Original Run: January 10, 2020 - March 27, 2020 Number of Episodes: 12 Genre: Comedy, Idol, Music Based on the Series Created By: Auri Hirao
***Warning, the following may contain spoilers for Oshi ga Budokan Ittekuretara Shinu. Reader discretion is advised.***
It is the dream of every idol to perform on a big stage in front of a massive crowd of adoring fans. However, in the beginning, to just have one person rooting for you can mean the world. This is especially true when said idol is always stuck in the back row in an obscure, underground group.
Maina Ichii (voiced by Hina Tachibana) is a member of the idol troupe ChamJam. Although she enjoys performing, she doesn’t have the greatest stage presence. Thus, when it comes time to do the fan meet and greets, Maina’s line is usually empty. Or, at least, it would be if it weren’t for her fan who is, arguably, the most loyal of any that follows the group.
Eripiyo (voiced by Ai Fairouz) fell head over heels for Maina the very first time she saw her. Ever since then, she has bought all the merchandise and attended every ChamJam concert possible to show her support for her favorite idol. Although she might be alone, Eripiyo is determined to prove to the world why her Maina is the best there has ever been.
There are two things I can tell you about Oshi ga Budokan Ittekuretara Shinu (Budokan).
First, I can tell you what I expected, and what I expected was – at best – an average, incredibly by-the-book idol anime. I didn’t go into this series thinking it was going to be bad; I try never to do that. However, my excitement wasn’t high, either. Most idol shows I have come across and that I’ve actually enjoyed were complete surprises. I don’t have the greatest confidence in this genre, and really, there was nothing about Budokan that made me suspect it would be anything worthwhile.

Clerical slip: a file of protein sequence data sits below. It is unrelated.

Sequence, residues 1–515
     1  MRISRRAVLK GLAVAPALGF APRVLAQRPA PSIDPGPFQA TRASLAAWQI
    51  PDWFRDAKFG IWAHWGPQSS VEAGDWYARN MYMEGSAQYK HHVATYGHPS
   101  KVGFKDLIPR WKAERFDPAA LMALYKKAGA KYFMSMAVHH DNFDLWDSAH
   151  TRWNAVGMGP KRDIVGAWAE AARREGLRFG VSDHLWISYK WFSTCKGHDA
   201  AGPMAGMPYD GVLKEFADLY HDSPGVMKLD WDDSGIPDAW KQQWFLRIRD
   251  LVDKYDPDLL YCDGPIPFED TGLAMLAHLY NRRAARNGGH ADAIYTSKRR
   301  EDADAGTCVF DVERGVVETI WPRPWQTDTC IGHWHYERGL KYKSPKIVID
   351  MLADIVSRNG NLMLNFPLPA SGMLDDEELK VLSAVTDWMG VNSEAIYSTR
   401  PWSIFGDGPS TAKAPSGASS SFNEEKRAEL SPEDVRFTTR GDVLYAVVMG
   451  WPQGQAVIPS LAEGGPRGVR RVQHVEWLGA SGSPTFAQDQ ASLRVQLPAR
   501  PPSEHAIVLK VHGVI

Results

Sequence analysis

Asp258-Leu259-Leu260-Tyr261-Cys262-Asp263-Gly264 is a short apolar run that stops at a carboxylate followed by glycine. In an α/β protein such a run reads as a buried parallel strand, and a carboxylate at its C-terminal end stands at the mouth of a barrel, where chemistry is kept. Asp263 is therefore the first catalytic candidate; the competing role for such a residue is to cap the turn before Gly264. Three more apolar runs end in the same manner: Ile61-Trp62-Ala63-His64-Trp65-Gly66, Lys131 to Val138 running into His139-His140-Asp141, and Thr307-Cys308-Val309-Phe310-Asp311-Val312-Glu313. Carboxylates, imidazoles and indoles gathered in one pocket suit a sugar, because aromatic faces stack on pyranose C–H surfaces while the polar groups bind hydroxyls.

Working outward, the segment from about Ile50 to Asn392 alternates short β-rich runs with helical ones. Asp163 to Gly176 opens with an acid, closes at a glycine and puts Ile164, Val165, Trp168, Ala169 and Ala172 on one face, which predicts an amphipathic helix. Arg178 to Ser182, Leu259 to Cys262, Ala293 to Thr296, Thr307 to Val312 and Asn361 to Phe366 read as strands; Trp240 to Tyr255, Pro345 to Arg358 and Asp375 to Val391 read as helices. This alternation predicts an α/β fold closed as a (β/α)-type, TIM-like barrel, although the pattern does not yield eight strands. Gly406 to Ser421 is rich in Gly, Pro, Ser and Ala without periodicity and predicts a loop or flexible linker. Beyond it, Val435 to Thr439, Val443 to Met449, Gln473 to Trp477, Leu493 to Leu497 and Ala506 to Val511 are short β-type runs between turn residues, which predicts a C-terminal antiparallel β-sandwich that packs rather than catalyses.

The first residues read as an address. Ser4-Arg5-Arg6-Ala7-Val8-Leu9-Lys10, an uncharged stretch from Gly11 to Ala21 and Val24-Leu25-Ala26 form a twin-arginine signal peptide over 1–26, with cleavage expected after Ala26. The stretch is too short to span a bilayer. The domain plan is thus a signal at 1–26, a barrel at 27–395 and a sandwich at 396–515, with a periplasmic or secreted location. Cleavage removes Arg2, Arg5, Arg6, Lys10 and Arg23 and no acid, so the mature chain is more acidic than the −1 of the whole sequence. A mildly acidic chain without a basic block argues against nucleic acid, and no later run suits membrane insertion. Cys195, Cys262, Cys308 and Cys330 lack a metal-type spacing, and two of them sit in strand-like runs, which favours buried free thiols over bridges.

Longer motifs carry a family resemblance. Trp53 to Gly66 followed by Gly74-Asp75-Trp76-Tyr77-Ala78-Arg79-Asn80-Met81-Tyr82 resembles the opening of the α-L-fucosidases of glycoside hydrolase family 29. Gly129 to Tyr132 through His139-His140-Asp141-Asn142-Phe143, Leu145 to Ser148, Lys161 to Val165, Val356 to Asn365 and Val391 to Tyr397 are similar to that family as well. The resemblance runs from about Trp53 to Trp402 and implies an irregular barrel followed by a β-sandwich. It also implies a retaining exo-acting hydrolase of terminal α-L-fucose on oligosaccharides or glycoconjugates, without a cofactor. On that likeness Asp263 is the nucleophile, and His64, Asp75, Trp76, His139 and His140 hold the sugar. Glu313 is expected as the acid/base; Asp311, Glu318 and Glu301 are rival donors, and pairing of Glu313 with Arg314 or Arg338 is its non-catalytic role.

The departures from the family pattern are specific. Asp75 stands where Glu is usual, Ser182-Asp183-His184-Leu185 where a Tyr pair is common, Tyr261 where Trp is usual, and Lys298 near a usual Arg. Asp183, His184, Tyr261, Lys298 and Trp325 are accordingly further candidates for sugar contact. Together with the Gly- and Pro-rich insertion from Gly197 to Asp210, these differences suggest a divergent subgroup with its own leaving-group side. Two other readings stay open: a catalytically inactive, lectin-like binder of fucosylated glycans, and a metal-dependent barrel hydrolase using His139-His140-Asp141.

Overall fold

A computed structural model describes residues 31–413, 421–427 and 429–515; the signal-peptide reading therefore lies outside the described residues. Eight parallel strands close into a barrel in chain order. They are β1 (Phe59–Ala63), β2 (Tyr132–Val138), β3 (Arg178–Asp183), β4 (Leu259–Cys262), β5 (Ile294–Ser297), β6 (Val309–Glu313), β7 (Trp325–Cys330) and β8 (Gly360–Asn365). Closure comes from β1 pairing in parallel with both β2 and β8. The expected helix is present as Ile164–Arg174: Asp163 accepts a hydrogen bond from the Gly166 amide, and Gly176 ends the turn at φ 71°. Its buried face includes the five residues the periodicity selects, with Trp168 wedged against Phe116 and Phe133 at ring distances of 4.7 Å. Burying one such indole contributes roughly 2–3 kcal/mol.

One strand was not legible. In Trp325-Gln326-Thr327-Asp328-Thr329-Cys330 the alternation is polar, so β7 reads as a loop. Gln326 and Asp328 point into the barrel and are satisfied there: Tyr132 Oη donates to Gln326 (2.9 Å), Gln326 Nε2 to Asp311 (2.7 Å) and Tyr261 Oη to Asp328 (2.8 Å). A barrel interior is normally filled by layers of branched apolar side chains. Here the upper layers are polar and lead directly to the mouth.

Second, Budokan ended up being something very much worthwhile.
The biggest mistake I made about this series was assuming it was going to be an idol anime. Although idols were heavily involved, at its core, this was a silly, feel-good comedy. This show might have touched on the work the central idol group, ChamJam, put into their music, but the main focus was on the fans that followed them.
This was where Budokan could have gotten cringey. Fortunately, ChamJam’s fans were decidedly more down to earth. Don’t get me wrong; someone like Eripiyo was quite intense with her admiration for her favorite (fave). Short of anything illegal (Eripiyo wasn’t a stalker), she would do everything you might expect a superfan to do. She bought all her fave’s merchandise, went to every one of ChamJam’s concerts, and spend ungodly amounts of money she did not have.
I will admit if we were to replace Eripiyo with the stereotypical idol fan – obese, ponytail, looks like they are in their 30s, you know, someone like Budokan’s own character, Kumasa (voiced by Tomoaki Maeno) – then things would have probably been much creepier. But that was also why this series did as well as it did.
In every respect, this show should have been all kinds of uncomfortable. But it wasn’t. Never once did it feel like the members of ChamJam should have been worried about their safety. Never once did it come off like this story was using comedy to help its audience swallow a bitter pill. Fans like Eripiyo and Kumasa full-heartedly supported their respective fave, almost in a big sibling sort of way. Any achievement the girls of ChamJam obtained, big or small, their fans were overjoyed. Therefore, when the group hit a significant milestone, the immense outpouring of pride felt genuine.